The Worst Technology Month… EverSo technology is having a REALLY bad month.
First, the rollout of the online portion of the Affordable Health Care Act has been pretty much a disaster. Sure, the ACA is a complicated program with vagaries based on location and myriad plans and options. Yet is there ANY more important program to the Obama Administration that screamed for resources and management? Not to mention everyone understood the political target ACA had pinned to its back. Yet here were are, with even more money and contractors being thrown at the program even while the deadlines for signing-up loom.
And elsewhere on the tech front, we discover this week that the NSA is eavesdropping on our international allies… not just scanning millions of phone records, but also listening in on heads of state who are supposedly our friends. The spymasters say this sort of thing has historically been part of the intelligence gathering community from way-back-when. Yet apparently the President wasn’t made aware that his counterparts were having their cell phone convos tapped.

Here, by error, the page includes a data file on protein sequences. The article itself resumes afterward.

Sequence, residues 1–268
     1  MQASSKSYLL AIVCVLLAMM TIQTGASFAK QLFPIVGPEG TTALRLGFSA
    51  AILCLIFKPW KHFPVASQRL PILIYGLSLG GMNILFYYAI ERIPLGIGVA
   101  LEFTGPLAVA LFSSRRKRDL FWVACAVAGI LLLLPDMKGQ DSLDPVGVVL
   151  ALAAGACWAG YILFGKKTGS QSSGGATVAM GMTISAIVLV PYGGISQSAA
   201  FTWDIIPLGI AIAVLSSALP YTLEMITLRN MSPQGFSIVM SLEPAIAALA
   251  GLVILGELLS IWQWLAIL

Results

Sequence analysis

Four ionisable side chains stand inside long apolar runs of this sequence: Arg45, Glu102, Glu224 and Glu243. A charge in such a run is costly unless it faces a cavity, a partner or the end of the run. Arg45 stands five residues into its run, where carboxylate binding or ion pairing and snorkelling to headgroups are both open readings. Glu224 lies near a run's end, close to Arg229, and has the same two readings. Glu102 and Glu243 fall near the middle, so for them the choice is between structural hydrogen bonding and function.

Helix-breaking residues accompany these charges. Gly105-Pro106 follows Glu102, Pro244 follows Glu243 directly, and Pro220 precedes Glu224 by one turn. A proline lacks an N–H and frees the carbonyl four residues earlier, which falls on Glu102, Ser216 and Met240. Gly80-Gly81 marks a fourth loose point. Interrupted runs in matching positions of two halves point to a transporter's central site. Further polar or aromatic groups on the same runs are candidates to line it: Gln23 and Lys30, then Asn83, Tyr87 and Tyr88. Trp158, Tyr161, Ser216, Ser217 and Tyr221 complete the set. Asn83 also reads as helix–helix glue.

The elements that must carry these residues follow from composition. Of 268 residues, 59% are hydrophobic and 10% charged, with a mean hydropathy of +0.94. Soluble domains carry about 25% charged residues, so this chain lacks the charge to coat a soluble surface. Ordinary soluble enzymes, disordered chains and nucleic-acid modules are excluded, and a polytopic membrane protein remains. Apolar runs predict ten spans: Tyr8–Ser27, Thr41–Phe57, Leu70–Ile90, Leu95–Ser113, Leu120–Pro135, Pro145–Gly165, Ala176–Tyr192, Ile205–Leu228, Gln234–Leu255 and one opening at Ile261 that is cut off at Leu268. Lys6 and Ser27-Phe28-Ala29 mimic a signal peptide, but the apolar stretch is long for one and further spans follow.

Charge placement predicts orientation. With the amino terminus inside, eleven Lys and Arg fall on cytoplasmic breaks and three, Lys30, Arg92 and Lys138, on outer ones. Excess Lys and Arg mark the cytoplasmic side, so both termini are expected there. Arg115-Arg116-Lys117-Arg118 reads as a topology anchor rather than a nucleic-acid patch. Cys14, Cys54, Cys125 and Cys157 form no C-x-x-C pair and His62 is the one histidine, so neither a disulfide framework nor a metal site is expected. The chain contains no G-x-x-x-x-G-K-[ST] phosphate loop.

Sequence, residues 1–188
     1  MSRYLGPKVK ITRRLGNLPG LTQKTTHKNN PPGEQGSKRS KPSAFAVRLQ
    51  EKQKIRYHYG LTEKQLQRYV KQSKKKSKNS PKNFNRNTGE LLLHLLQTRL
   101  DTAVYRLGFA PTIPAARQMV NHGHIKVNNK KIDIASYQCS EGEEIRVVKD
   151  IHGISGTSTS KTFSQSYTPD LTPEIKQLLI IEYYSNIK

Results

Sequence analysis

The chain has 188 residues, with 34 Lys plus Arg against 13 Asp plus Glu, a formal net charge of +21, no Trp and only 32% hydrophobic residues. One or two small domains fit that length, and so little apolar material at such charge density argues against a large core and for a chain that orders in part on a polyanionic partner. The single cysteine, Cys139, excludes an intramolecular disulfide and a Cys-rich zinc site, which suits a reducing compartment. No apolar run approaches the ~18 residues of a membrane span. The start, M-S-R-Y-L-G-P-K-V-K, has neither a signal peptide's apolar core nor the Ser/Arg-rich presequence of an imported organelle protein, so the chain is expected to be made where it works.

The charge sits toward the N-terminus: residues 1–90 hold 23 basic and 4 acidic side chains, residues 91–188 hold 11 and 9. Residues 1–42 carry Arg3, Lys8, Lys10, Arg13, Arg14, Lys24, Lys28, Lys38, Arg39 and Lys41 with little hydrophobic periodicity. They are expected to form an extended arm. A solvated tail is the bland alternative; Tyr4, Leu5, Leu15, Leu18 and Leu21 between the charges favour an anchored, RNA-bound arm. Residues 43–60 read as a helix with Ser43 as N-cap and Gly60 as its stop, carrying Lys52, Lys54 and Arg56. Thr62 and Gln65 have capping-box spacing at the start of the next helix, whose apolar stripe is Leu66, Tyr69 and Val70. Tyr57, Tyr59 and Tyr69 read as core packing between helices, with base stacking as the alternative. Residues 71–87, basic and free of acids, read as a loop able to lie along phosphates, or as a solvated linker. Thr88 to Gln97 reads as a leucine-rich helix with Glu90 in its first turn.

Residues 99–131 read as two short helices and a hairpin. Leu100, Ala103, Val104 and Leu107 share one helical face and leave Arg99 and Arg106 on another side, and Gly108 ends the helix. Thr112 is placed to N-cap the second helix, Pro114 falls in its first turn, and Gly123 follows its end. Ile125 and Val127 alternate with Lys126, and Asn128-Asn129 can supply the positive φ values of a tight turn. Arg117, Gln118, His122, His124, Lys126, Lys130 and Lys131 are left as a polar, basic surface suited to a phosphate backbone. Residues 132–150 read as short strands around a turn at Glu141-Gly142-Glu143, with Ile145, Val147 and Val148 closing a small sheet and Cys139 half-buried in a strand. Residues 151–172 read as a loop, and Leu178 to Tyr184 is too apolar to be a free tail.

I suppose the list of tech snafus could go on (and feel free to add your own favorite to the Comments section below).
Hey, mistakes can happen and spies do what they do. But what seems to be an increasing problem with technology is that we appear to be unable to cope with what we CAN do with tech versus what we SHOULD be doing to manage or control it. And these problems are certainly not isolated to the government sector. How many problems did Apple face with iterations of its iPhone, such as faulty antenna designs and maps that would send you over cliffs?
The old adage is that given enough time and money, any problem can be solved. Yet these recent incidents illustrate how it’s the human factor (good decisions and management skills) that seems to be falling short these days. Could we ever even hope to match the alignment of intellect, resources and technology that put a man on the moon… and that achievement was 45 years ago. Today, we seem focused instead on politics and the blame-game.
If we as a society can move beyond those distractions and develop processes to tackle technology challenges and manage the incredible capabilities those technologies provide us today, then we have a chance. But we cannot leave it to the polticians to re-set this course… our voices must be strong enough to make it happen.